This manuscript contains commentary on the Ktābā d-Irotē’os (Book of the holy Hierotheos), an early sixth-century theological epic on the hidden mysteries of the Divine, which is attributed to Stephen Bar Sudayli. The commentary is by Gregory Bar ‘Ebraya (also seen as Bar Hebraeus, 1226–86), who was a Syriac Orthodox bishop and a Syrian mystic. Both Bar Sudayli and his book were liable to suspicion in the Orthodox Church. This was because of the work’s associations with Origenism and with Pseudo-Dionysius the Areopagite (both linked to attempts ...
Life of Barsawma
This undated manuscript of Ktāba d-ḥayyāw(y) d-qaddišā mār(y) Barṣawmā (Life of Barsawma) contains a narrative of the miraculous life of Barsawma (died about 492). The manuscript is in Syriac, but this text also is known in Ge'ez, the classical language of Ethiopia. Barsawma is said to have performed about 100 miracles, detailed here, and he was involved in the Christological controversies of the fifth century. A famous monastery near Melitene in present-day Turkey is named after him. The folios of the manuscript are unnumbered, but ...
Book of the Dove
Gregory Bar ‘Ebraya (also seen as Bar Hebraeus, 1226–86) was a Syriac Orthodox bishop and major author in the later Syriac tradition. He wrote prolifically, mostly in Syriac but also in Arabic, on philosophy, theology, spirituality, and history. His works also included commentaries on scripture, devotions, moral treatises, logic, the sciences, poetry, and humorous stories. This manuscript, dated 1360, is an important early witness to his writings. It contains his Ktābā d-yawnā (Book of the dove), which represents Bar Hebraeus’s instructions on how to start and then continue ...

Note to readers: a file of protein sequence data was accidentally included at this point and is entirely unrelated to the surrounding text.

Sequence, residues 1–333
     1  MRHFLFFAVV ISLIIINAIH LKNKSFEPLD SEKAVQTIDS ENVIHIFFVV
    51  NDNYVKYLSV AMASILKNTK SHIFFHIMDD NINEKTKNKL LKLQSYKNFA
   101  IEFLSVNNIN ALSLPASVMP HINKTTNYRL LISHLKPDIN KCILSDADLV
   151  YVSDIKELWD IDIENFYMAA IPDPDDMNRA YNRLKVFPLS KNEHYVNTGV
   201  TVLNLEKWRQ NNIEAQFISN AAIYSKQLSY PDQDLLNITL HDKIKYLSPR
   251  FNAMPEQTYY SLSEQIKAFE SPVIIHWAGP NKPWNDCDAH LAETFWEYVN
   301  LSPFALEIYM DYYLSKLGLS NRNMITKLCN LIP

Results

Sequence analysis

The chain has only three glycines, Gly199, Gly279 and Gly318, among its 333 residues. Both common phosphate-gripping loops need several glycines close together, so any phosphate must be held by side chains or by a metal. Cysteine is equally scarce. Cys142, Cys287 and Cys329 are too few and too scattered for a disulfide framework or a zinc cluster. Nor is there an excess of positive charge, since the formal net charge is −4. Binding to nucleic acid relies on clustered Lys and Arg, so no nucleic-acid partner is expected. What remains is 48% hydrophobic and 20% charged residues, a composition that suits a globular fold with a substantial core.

Life of Mary
This 16th-century manuscript contains a relatively well preserved copy of Ktāba d-taš’itāh d-qaddištā yāldat alāhā Maryam (Life of Mary) in Syriac, an eastern dialect of Aramaic. The work (in six volumes) was written by Theophilos, the Greek patriarch of Alexandria in 385–412, and copied in 1567–68 by a scribe named Slibona. At the end of this work comes a metrical homily by Jacob of Serugh (died 521) on the death of Mary, the last half of which is missing in this copy. Some corrections and vowel signs ...
Poems (Carmina)
This manuscript, which probably dates from the 16th century, contains Mušḥātā (Poems) by Gregory Bar ‘Ebraya (also seen as Bar Hebraeus, 1226–86), a Syriac Orthodox bishop and a major author in the later Syriac tradition. He wrote prolifically, mostly in Syriac but also in Arabic, on philosophy, theology, spirituality, and history. His works also included commentaries on scripture, devotions, moral treatises, logic, the sciences, and humorous stories. Bar Hebraeus was renowned for his justice, integrity, great learning, and principled leadership. A few recent pages (mostly blank) have been ...
The Book of the Interpreter
This 16th-century manuscript is an old copy of the classified Syriac–Garshuni glossary by  Elias of Nisibis (975–1046). Elias was an eastern Syriac scholar and monk, who was later a bishop and from 1008–46 metropolitan of Nisibis in northern Mesopotamia (present-day Nusaybin in southeastern Turkey). He was an important figure in Syriac and Christian Arabic literature and an early grammarian. In addition to this glossary, his literary output included a bilingual (Syriac–Arabic) chronicle, liturgical poetry, and letters. This work is prefaced by Eliya's address to the ...